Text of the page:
[mah-lah fee-de; English mey-luh fahy-dee]
- in bad faith; not genuine.
[de-fee-de; English dee-fi-dee]
- of the faith: a phrase used in the Roman Catholic Church to qualify certain teachings as being divinely revealed, belief in them therefore being obligatory.
Dictionary.com Unabridged Based on the Random House Unabridged Dictionary, © Random House, Inc. 2018
Examples from the Web for fide
A few weeks later he was reelected president of the World Chess Federation (FIDE), despite the qualms of several senior members.Gaddafi’s Wacky Russian Soulmate
August 25, 2011
The Sioux were bona fide homesteaders and met all the requirements of the law.The Indian Today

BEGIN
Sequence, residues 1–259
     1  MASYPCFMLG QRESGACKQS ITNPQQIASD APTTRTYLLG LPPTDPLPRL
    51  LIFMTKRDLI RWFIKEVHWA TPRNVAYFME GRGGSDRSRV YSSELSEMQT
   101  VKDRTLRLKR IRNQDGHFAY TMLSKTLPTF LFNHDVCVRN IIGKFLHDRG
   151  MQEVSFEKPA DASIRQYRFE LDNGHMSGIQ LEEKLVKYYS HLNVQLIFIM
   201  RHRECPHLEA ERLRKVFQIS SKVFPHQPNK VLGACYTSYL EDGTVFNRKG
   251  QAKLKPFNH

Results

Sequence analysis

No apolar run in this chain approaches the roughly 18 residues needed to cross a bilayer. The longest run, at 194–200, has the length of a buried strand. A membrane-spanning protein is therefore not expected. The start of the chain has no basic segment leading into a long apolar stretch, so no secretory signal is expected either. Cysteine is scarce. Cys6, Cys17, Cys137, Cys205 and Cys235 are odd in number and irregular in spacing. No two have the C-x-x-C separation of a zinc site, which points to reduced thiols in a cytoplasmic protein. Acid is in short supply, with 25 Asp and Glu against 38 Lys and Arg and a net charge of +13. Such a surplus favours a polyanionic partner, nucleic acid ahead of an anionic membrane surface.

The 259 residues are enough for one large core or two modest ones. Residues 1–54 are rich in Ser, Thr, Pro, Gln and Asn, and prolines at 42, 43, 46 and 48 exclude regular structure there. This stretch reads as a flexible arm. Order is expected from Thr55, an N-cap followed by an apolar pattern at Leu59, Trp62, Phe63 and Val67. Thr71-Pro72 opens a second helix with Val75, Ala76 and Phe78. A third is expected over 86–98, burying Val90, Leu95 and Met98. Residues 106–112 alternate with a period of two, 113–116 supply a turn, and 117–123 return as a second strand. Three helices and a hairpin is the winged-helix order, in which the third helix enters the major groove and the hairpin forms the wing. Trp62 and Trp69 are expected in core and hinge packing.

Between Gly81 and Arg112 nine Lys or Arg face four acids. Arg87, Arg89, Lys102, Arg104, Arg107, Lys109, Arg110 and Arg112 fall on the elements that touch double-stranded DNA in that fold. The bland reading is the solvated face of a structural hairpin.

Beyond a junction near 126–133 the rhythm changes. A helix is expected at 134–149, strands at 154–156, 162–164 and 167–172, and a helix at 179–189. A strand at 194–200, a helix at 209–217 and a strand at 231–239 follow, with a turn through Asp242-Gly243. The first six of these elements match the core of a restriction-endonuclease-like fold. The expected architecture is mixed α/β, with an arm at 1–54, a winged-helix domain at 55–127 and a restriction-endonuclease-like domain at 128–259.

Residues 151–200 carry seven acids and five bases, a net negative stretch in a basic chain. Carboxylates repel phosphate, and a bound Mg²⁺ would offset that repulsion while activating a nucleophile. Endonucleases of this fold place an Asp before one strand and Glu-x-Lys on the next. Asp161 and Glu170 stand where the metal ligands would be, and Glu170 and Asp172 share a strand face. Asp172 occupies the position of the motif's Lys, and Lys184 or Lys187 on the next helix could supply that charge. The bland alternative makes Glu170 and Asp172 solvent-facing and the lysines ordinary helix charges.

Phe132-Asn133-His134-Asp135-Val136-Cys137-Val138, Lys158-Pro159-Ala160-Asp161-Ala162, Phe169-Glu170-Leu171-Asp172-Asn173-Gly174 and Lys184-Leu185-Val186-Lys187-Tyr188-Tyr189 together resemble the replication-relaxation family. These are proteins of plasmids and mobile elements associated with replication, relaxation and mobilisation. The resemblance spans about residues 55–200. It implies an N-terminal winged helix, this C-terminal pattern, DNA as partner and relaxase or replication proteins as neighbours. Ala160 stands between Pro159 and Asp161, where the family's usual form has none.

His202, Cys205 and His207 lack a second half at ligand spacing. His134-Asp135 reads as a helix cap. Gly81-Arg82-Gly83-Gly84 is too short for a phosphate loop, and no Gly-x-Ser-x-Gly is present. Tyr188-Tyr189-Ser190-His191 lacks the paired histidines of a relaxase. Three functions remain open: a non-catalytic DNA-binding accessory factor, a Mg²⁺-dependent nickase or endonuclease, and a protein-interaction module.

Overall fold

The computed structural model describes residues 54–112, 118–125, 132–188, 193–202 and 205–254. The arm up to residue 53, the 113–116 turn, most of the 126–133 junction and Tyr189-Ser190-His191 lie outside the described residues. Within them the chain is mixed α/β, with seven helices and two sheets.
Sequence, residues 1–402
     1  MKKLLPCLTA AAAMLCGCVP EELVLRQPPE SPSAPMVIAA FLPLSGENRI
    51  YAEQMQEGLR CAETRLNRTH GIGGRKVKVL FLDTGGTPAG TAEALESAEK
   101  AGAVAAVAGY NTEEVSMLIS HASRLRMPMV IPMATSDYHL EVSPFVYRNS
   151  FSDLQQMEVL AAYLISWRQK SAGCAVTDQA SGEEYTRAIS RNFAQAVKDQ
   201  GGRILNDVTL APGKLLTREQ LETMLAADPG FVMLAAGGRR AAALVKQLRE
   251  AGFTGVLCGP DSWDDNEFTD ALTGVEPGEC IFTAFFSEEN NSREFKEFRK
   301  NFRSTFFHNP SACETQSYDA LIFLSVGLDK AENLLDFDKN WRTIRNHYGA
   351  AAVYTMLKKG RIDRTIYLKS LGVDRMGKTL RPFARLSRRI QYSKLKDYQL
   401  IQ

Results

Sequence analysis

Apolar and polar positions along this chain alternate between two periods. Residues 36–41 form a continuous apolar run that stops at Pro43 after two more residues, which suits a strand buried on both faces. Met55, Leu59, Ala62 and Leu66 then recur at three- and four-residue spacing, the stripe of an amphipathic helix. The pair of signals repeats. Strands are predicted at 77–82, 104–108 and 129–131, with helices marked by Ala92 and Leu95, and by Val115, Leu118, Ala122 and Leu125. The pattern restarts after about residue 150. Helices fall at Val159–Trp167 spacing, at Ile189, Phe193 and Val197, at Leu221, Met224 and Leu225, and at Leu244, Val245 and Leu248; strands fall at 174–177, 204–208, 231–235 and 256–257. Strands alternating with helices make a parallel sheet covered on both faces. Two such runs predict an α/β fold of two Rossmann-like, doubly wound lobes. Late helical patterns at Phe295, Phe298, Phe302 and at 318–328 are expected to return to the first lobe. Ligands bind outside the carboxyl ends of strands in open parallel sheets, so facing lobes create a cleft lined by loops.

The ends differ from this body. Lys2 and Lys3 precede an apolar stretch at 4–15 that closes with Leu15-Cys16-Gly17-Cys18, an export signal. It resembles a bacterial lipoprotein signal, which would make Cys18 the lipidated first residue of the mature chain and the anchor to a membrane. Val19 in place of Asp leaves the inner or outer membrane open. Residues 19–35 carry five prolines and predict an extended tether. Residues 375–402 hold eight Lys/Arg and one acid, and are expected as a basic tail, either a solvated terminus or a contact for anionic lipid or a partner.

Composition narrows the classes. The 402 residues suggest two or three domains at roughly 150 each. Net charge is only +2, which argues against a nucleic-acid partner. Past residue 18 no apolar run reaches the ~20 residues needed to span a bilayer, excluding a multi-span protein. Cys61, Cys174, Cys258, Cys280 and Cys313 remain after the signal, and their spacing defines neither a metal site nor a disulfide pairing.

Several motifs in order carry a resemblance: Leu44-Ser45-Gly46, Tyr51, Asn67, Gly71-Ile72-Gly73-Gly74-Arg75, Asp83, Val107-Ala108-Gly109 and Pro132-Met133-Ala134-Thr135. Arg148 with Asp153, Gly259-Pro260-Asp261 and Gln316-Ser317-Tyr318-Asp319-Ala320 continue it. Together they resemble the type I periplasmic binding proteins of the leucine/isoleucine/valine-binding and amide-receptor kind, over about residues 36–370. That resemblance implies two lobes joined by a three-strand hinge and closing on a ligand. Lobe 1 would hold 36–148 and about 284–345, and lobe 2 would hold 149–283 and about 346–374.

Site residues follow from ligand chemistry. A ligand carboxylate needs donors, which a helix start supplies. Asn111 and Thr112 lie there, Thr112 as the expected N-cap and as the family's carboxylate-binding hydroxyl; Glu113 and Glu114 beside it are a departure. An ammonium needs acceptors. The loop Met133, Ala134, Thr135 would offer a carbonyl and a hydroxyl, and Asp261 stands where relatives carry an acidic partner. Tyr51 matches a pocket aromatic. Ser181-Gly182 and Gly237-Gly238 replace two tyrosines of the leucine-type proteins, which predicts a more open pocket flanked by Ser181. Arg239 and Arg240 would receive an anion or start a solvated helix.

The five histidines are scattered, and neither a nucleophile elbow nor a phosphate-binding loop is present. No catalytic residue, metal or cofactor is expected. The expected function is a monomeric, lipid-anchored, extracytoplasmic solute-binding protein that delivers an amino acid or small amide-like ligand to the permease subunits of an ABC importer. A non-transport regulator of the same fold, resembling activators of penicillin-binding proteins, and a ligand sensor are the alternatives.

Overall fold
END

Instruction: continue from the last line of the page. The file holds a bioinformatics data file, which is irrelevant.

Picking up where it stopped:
Charles A. Eastman
Then in answer to his questions, a word or two, on her fide.The Flag of Distress
Cock-fights come next in popularity, and are bona fide fights.The Andes and the Amazon
This form was not finally changed to the present, in fide et ligeanti, till the 46th of Edw.
Lethingtoun answered, "Many subscrived thair in fide parentum, as the barnes ar baptized."
- Fédération Internationale des Echecs: International Chess Federation
- RC Church (of a doctrine) belonging to the essentials of the faith, esp by virtue of a papal ruling
literally: from faith
- undertaken in bad faith
Collins English Dictionary - Complete & Unabridged 2012 Digital Edition © William Collins Sons & Co. Ltd. 1979, 1986 © HarperCollins Publishers 1998, 2000, 2003, 2005, 2006, 2007, 2009, 2012